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Science & Tech

Now you can virtually explore “Mars on Earth” in Google Street View

A new Google project zeroes in on Canada’s Devon Island, the most Mars-like environment on Earth
  • Mar 25, 2019
  • 647 words
  • 3 minutes
A person in a space suit and helmet stands in front of a rocky, dry landscape on Devon Island Expand Image

Devon Island in the Canadian High Arctic, the planet’s largest uninhabited island and the closest thing to Mars on Earth, can now be explored virtually via Google Street View.

The new Google project, which launched today, also features other visual assets to help aspiring explorers get a feel for the unique landscape of Devon Island and the research being done there, including a 10-minute documentary about NASA’s work on the island and a Google Earth guided tour.

The project was led by Katja Minitsenka, a program manager with Google, in collaboration with NASA, the Mars Institute and the SETI Institute.

“Google allows us a very unique opportunity to work on projects we’re passionate about,” explains Minitsenka, who has always had an interest in space exploration. Last March, she teamed up with Dr. Pascal Lee, chairman of the Mars Institute and director of the the Haughton-Mars Project (HMP), a field research project on Devon Island that’s funded by NASA.

After three months of preparation, Minitsenka, along with a small team of Googlers and NASA scientists, set out on a week-long expedition to HMP’s base camp on Devon Island.

The mission wasn’t easy. Due to the harsh climate, the expedition could only be conducted within a small window of time in mid-summer — “The only time when the island is not completely covered by snow,” says Minitsenka.

Breccia Hills polar desert landscape Devon Island Expand Image
The dry, rocky Breccia Hills on Devon Island. The unique geology of the island offers insights into how Mars was formed.
(Photo: Google)

Devon Island has no permanent infrastructure, so the team had to pack all their supplies in and waste out. During the long Arctic days, they travelled on all-terrain vehicles (ATVs) over rocky terrain, sometimes getting bogged down in thick mud. They also had to be on the lookout for polar bears.

The team used GoPro cameras to collect Street View footage and Pixel 3 smartphones to capture video footage for the documentary. “We couldn’t film every day,” says Minitsenka. “Every second day, we were snowed in!”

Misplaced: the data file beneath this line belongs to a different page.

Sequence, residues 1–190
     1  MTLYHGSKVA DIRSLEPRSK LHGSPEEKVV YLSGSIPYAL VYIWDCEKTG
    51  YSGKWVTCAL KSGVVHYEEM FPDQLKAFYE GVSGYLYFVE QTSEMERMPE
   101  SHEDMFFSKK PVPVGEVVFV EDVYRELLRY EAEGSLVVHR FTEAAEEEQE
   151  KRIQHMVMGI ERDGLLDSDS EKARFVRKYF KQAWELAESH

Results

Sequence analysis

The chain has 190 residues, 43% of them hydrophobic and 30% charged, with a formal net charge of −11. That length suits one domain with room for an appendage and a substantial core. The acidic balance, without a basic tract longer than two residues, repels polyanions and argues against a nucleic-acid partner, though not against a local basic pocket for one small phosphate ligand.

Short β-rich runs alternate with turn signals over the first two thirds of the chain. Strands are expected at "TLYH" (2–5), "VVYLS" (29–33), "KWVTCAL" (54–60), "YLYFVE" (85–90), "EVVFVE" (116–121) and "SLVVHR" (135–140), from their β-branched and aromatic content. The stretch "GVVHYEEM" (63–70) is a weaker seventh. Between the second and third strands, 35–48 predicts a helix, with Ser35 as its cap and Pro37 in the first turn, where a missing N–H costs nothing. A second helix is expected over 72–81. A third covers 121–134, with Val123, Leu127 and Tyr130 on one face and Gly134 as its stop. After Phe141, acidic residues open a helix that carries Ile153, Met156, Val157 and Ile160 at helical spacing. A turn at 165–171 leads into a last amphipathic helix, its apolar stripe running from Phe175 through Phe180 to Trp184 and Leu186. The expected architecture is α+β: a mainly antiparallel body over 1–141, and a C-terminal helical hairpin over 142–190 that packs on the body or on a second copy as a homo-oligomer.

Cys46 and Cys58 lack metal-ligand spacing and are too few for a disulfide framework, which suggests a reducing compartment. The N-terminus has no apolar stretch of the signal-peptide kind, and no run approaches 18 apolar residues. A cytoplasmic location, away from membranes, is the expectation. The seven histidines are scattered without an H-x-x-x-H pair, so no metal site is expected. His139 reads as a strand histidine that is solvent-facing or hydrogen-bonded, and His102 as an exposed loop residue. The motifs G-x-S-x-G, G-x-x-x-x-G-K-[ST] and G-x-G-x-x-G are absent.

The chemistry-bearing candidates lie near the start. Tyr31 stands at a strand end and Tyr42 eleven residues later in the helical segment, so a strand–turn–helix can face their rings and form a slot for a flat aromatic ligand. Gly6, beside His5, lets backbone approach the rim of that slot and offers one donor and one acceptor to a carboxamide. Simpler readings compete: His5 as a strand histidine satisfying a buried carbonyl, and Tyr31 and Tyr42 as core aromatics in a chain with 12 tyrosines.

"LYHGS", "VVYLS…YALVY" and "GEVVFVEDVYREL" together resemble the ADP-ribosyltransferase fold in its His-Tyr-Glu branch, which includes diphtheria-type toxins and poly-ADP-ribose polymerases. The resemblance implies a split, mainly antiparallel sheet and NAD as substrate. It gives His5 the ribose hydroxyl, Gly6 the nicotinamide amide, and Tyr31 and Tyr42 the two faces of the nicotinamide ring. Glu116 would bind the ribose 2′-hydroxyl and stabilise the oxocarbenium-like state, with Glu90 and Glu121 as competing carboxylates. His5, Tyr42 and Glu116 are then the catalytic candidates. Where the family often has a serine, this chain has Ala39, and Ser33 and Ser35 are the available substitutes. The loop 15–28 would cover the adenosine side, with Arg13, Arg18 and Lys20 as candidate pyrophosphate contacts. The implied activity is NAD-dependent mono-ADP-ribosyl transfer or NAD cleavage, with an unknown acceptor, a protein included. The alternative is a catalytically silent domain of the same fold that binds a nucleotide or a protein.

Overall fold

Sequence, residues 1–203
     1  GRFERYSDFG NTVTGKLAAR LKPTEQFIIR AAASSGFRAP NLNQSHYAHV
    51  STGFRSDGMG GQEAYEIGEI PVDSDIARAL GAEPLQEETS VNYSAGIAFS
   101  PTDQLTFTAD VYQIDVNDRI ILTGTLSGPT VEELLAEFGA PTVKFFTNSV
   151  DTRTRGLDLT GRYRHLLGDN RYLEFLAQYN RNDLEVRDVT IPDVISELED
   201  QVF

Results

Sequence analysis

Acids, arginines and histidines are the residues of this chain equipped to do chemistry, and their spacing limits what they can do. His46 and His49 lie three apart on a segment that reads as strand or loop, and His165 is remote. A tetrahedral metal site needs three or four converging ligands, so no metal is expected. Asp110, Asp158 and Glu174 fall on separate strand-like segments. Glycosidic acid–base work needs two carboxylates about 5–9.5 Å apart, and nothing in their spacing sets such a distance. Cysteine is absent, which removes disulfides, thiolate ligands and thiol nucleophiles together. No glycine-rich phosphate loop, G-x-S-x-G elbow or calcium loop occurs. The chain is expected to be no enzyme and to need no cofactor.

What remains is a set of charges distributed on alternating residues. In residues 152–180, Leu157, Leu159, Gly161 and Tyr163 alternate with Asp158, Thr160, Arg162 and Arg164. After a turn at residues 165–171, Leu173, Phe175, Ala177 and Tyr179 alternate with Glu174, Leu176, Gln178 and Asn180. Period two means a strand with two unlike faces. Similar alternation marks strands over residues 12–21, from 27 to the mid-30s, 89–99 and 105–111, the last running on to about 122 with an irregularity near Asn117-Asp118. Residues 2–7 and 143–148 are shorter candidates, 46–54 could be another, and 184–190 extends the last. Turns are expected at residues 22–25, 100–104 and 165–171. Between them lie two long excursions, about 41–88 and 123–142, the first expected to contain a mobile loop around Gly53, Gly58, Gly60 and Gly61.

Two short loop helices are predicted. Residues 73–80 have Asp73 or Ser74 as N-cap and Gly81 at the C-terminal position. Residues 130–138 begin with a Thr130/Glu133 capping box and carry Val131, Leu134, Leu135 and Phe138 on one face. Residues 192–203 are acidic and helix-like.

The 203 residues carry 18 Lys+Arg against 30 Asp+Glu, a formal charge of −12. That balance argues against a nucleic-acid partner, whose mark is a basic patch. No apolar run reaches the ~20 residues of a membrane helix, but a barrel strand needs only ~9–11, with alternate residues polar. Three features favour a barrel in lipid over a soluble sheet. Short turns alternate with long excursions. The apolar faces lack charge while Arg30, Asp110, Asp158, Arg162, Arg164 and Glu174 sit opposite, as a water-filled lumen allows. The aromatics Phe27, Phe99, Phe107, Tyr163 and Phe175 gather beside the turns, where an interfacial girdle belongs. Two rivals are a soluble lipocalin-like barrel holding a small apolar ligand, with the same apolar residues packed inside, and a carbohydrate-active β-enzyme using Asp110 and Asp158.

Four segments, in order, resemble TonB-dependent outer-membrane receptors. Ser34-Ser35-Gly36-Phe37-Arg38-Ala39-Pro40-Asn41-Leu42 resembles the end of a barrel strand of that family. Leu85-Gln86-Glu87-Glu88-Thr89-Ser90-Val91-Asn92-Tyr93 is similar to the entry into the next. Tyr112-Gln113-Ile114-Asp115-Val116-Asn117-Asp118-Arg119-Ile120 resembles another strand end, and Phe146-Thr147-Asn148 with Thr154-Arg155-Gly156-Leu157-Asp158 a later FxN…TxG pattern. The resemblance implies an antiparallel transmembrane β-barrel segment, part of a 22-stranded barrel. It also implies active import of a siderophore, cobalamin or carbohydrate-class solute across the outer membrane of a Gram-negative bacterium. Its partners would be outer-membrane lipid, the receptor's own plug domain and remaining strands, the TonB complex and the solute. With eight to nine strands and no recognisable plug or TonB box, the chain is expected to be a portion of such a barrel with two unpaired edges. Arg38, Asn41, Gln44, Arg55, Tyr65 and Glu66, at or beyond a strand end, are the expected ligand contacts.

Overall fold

But the team was able to get what they needed and visit all the points of interest that NASA’s researchers are investigating.

Watch: A visit to Devon Island

Dubbed by scientists as Mars on Earth, Devon Island is a polar desert, even colder and drier than tundra. It’s a biome that’s practically unique on Earth, save for a few areas in Greenland and Antarctica. The island also has a large meteorite impact crater and other geological features such as canyons, valleys and gullies, all of which make it an ideal staging area for research and training for a future mission to Mars.

“It’s not as cold as Mars, it’s not as dry as Mars, but climatically it is an important step in that direction,” says Lee. “On top of that, Devon Island is a very barren, desolate, rocky place.”

Although astronauts may not visit Mars for another two decades, the goal of the Devon Island project is to help plan for future exploration of Earth’s closest neighbour.

As for Minitsenka, she hopes that being able to virtually explore the most Mars-like environment on Earth will inspire young people to enter into fields such as science, geology and engineering — or any field that will give them a path to exploration.

“Many young students are impeded by the fact that they think they need to have an extensive lab or tools to explore and become a scientist,” she says. “Seeing how the camp on Devon Island is organized, you can see that to do basic science, you really don’t need expensive equipment; you just have to have the passion.”


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